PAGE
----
After evaluating many of the best industry devices incorporating a touch screen input device that support both touch and pen input simultaneously, it was discovered that the industry has not found a sufficient way to harmonize pen and touch input. The transition from pen to touch input and touch to pen input is not a reliable process for the user. To make writing with a pen or stylus on a device such as a tablet a pleasant experience, the pen-to-touch and touch-to-pen transition needs to be improved and harmonized.

The main approach taken by traditional devices, palm rejection, is ineffective because during the act of writing, a user's hand makes varying amount and types of contact with the writing surface, mainly for support. FIG. 1, illustrates a exemplary orientation of a user's hand 100, a pen or stylus and a touch screen 120 of an electronic device, such as a tablet. As shown in FIG. 1, when using a pen 110, the user's finger 130 and palm 140 will typically both rest on the writing surface of the touch screen 120 during the process of writing/inputting with the pen tip 150. The varying amounts of contact by the user's finger 130 and palm 140 eventually produce touches that are detected by the touch screen 120 system that resemble finger inputs. These detected touches erroneously lead the system to interpret the unintended touches as intentional touches. These erroneous interpretations by tablet devices can be a frustrating experience for users. From this observation it was determined that another way to reject touch is needed rather than just broadly rejecting palm 140 and finger 130 inputs.

As briefly described above and in more detail below, the present invention solves the problem of the prior art by detecting and recognizing the angle 160 of the pens/stylus during the two different operations—pen input and finger input. FIG. 1 illustrates an exemplary pen input orientation, while FIG. 2 depicts an exemplary finger input orientation. As shown in FIG. 1, during the act of pen input, the pen tip 150 is pointed down at the writing surface 120 forming an angle 160 between the axis of the pen 170 and the writing surface 120. As illustrated in FIG. 2, as the user transitions from using the pen 110 to using her finger 130 during a touch input while holding the pen 110, the pen tip 150 is pointed away from the writing surface 120. The angle between the pen 110 and the writing surface 120 during the touch input orientation of FIG. 2 is significantly close to zero degrees, than the angle 160 of the pen 110 during the pen input as illustrated in FIG. 1.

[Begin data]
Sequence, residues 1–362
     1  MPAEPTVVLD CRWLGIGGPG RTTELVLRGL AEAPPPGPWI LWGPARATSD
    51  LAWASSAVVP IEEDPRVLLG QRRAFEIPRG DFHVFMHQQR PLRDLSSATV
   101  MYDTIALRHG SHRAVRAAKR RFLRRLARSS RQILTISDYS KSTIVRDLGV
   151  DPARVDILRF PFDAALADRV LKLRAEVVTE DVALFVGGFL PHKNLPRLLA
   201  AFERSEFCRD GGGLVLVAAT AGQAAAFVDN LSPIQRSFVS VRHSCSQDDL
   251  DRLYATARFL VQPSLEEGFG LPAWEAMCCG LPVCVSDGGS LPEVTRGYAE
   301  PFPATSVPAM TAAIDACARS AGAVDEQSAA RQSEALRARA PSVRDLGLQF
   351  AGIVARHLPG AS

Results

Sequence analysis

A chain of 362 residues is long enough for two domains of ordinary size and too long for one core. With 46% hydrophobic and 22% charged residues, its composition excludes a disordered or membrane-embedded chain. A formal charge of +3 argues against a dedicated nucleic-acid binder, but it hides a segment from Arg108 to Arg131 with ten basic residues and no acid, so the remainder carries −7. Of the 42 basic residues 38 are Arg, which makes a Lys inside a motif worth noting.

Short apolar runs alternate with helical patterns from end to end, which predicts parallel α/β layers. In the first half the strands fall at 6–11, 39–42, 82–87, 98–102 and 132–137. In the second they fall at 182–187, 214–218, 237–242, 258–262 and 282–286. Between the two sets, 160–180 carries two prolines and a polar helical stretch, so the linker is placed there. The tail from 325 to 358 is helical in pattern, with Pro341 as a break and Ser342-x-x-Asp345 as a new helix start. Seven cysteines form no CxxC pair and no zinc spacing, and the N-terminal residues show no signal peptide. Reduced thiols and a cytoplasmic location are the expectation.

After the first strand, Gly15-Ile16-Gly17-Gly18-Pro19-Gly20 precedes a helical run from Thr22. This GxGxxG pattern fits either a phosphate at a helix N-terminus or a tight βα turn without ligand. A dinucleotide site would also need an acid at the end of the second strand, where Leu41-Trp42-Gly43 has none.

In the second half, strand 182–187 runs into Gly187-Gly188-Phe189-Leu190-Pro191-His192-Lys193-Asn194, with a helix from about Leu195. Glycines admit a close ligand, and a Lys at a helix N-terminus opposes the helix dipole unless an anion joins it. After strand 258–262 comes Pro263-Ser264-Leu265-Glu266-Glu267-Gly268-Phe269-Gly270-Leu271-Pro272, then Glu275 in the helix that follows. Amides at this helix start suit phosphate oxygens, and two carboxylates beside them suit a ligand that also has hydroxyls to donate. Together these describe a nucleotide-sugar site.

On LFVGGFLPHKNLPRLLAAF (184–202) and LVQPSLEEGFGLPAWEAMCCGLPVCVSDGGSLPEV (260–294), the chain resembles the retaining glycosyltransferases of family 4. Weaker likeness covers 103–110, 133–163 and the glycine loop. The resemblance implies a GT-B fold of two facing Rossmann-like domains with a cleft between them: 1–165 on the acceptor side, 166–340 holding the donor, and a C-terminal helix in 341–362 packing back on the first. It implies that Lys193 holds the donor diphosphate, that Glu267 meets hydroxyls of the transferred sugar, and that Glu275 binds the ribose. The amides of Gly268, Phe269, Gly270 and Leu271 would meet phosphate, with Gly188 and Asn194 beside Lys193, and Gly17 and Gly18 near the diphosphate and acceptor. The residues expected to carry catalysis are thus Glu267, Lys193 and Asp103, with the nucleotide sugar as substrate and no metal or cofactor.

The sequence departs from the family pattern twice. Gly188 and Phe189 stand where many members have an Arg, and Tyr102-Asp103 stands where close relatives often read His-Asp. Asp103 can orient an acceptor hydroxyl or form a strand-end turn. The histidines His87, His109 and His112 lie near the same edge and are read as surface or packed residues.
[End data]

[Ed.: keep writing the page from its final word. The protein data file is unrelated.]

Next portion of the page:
The present invention improves rejection of unintentional touch input by detecting the orientation and angle 160 of the pen 110. The system and method of the present invention results in smoother and more reliable pen-to-touch and touch-to-pen transitions and overall user experience. The system and method of the present invention reliably and accurately suppresses touch input when the pen tip 150 is detected as being in the vicinity of the writing surface 120 and as pointed down at the writing surface 120. The system and method of the present invention further reliably and accurately enables touch and gesture input when the pen tip 150 is pointed away from writing surface 120.